Noble, high-sounding words were spoken a few days ago by 150 presidents, prime ministers and kings, and echoed on the front page of newspapers around the world. So many vows to defend the most valuable commodity shared by all nations – the one and only atmosphere – have offered the distinct feeling that the United Nations conference will lead to us kicking our fossil fuel habit and its nasty side effects.
As the leaders have left Paris though, the negotiations are back to their typical gruelling pace. ‘The issue of funding the poorest countries to sustain their adoption of clean energy sources is crucial: it’s a take it or leave it’, says Nozipho Mxakato-Diseko, the South African lady who heads the G77+China negotiating group (which in truth brings together 134 developing countries). ‘There is a distinct fear,’ Cyprian Awudu, a delegate from Cameroon, adds, ‘we're heading into another Copenhagen.’
The reference is to the similar gathering in the Danish capital, six years ago, when an agreement seemed at hand and instead stumbled into a thunderous failure. Such a memory makes negotiators in Paris shudder.
“In the end, however unpleasant, these diplomatic frictions confront the affluent with the needy side of the world”
The new text of the agreement will be formalised by tomorrow. It will serve as a working basis for the next, decisive week, when every environment minister of the planet will be here. It is a text still dotted with a constellation of square brackets, with all the variables of what you [must] [should] [could] do to achieve this or that goal.
But you cannot grasp the pain of the climate diplomat, without remembering that these negotiations have been carrying on since 1997, when the Kyoto Protocol was approved with the premise that it was going to be only the first step. Or, to be generous, since 2005, when the Protocol entered into force. It is impossible to count how many meetings were conducted, this year only, in every corner of the world. Yet, a week before the final bell, the multilateral boxing match still appears incredibly open.
Kyoto had separated the world into two: the rich countries on the one hand, the poor ones on the other. This was prescribed by the ‘common but differentiated responsibilities’, a principle already embedded in international law. In simpler words, since carbon dioxide has a more than a century-long impact on the atmosphere, those who began to pollute earlier have more responsibilities than those who started later. To give an idea, according to the calculations presented here in Paris by the outspoken climatologist James Hansen, last year China emitted about 25 per cent of mankind-produced CO2, and the United States 15 per cent. However, if you compute historical contributions (from 1750 to the present), China accounts for 10 per cent and the US for 26 per cent of the anthropogenic carbon dioxide released into the atmosphere.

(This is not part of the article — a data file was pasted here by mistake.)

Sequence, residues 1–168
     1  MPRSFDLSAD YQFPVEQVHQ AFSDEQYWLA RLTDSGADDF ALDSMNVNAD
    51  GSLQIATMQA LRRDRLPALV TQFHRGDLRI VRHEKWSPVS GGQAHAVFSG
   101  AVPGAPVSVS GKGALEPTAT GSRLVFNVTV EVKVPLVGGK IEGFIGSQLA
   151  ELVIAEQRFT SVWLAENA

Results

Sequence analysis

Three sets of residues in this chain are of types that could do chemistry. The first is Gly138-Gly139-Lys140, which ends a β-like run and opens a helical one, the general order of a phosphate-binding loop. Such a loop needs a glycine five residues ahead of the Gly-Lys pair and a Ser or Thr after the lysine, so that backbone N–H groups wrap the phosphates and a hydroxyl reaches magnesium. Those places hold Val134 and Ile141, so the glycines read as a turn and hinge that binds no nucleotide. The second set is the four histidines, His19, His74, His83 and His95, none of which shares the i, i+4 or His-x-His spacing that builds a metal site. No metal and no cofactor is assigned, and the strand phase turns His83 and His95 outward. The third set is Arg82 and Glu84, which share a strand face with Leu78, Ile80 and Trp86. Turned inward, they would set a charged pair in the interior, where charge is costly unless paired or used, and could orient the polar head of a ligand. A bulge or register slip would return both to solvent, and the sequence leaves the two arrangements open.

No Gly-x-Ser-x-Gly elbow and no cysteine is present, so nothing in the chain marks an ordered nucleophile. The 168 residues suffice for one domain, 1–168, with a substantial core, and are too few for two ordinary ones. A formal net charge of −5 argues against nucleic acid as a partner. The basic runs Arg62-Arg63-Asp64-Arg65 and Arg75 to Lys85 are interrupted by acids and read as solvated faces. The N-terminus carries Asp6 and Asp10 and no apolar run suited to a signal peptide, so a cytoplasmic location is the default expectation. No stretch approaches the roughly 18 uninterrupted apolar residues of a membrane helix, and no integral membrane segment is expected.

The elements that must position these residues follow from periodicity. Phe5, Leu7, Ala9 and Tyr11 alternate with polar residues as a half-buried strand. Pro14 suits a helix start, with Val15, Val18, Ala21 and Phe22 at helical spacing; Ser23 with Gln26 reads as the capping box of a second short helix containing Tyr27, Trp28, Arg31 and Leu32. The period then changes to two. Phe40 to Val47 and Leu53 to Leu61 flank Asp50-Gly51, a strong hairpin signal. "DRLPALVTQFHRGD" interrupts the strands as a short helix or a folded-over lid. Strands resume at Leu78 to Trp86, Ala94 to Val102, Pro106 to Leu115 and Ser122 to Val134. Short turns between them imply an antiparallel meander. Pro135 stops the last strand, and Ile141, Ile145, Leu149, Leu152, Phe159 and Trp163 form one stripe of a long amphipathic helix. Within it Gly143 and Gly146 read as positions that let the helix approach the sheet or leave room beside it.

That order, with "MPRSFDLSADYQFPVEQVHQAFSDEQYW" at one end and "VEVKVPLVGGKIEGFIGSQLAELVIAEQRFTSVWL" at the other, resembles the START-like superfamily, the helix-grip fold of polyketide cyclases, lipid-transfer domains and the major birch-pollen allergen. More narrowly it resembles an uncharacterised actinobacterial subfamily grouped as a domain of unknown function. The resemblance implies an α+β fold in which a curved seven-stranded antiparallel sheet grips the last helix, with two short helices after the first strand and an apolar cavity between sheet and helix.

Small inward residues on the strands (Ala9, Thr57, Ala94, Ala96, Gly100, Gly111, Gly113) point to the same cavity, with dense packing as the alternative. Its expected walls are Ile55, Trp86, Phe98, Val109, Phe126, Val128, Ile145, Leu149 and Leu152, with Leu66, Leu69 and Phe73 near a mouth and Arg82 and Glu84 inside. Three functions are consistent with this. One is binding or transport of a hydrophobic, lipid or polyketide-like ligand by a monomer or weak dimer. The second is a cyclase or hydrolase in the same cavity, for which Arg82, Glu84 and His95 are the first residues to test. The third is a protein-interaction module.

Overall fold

“The Paris summit will not end up in a Copenhagen-like fiasco – this is what three delegates from two continents tell me”
Finally, the People's Republic has agreed to enter the ranks of the world's largest polluters and do its part with regards to energy efficiency and renewable solutions. Much less India, which, with 400 million people still without electricity, only accepts commitments that do not prevent its poor from escaping poverty. In the end, however unpleasant, these diplomatic frictions confront the affluent with the needy side of the world.
The Paris summit will not end up in a Copenhagen-like fiasco – this is what three delegates from two continents tell me. And it is also what former US vicepresident Al Gore told Friday to a crowd of young, adoring environment activists: ‘At the end of the first week, some of you may feel discouraged. Please don’t. I myself expect a meaningful result at the end’.
In the coming week, negotiatiors not only have to decide the what, but the how much as well: how many billion dollars the industrialised world is willing to pay for years to come, in order to help the developing world skip hydrocarbon-based economic growth altogether, as well as to repair the damages that climate change will have produced in the meantime. A task much, much more down-to-earth than the noble presidential remarks, which came and went.